The bow ramp of the MS Estonia, an Estonian-Swedish ferry that sank in 1994 with the loss of 852 people, is planned to be brought up from the bottom of the Baltic Sea for examination.
The salvage operation is expected to take place this summer, Jonas Backstrand, the head of the Swedish accident investigation authority SHK said on 18 April, according to BNS.
The bow visor of the MS Estonia was salvaged soon after the disaster; however, the bow ramp remains at the bottom of the sea. The Swedish government has allocated SEK25 million (€2.2 million) for the salvage operation.
There are damages in the bow ramp that are to be examined. Backstrand said there was no reason to believe the salvaging of the ramp will change the understanding of the course of the sinking of the ship, according to BNS.
In 2020, a documentary that premiered on a Swedish TV channel, showed that the wreck of the sunken cruise ferry had a large, previously unreported hole in the hull. In December the same year, Sweden said it would allow a new inspection of the wreck.
In the wake of the revelations in the Swedish documentary, the close relatives of the people who died in the sinking of MS Estonia organised a privately funded expedition to the wreck of the ferry in September 2021. The same year, the Estonian Safety Investigation Bureau started carrying out a new state-funded investigation that is ongoing. In June 2022, the investigators of the bureau discovered that the damage on the starboard side of the wreck is considerably greater than previously estimated.
In December 2022, Sweden’s Aftonbladet newspaper reported that MS Estonia transported military equipment.
The second-deadliest peacetime sinking of a European ship
The MS Estonia, a 16,000-ton cruise ferry that began serving the Tallinn-Stockholm route in 1993 and was operated by the Swedish-Estonian shipping company, Estline, was the largest ship sailing under the Estonian flag at the time. In fact, the elegant white and blue coloured ferry was seen as one of the symbols of newly found confidence of the young republic that had just regained independence, three years prior.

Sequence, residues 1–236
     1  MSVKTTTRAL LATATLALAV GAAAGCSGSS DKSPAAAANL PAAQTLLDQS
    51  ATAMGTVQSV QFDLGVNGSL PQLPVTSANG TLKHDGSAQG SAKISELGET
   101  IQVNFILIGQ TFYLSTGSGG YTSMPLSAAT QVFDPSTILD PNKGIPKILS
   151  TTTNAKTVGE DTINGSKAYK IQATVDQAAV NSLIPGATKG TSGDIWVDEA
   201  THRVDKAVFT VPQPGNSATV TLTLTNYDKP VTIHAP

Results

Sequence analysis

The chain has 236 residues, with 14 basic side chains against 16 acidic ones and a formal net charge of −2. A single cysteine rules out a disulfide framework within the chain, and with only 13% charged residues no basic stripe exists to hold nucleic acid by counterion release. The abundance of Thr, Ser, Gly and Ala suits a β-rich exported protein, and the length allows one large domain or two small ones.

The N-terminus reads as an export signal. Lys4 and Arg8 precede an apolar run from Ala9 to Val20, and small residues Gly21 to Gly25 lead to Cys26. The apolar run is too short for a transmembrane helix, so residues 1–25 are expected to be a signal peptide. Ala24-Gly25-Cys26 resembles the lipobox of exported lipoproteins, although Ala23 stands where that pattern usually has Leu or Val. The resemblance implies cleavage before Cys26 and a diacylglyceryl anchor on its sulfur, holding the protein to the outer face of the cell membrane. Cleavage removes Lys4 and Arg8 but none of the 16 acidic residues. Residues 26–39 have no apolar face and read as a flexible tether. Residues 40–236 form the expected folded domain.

But in the morning of 28 September 1994, the entire country of Estonia woke up in shock to the news that the MS Estonia had sunk in the early hours. For Estonians, it was their very own “Kennedy moment” – everyone who was alive at the time, remembers where they were and what they were doing upon hearing the news.
The ship sank in the Baltic Sea while on a scheduled crossing, en route from Tallinn to Stockholm, where she had been expected in the morning. MS Estonia disappeared from the radar screens of other ships at around 01:50 EEST in international waters, about 22 nautical miles (41 kilometres) from the Finnish island of Utö. The ferry sank to the depth of 74 to 85 metres (243 to 279 ft) of water.
The official disaster report said the fatal event started when the locks on the ferry’s bow door failed from the strain of the waves and the door separated from the rest of the vessel, pulling the ramp behind it ajar. This allowed water into the vehicle deck, capsizing, and ultimately sinking the ship.
The lobby groups representing the victims’ families were never content with the results of the official report and over the years demanded on several occasions a new investigation.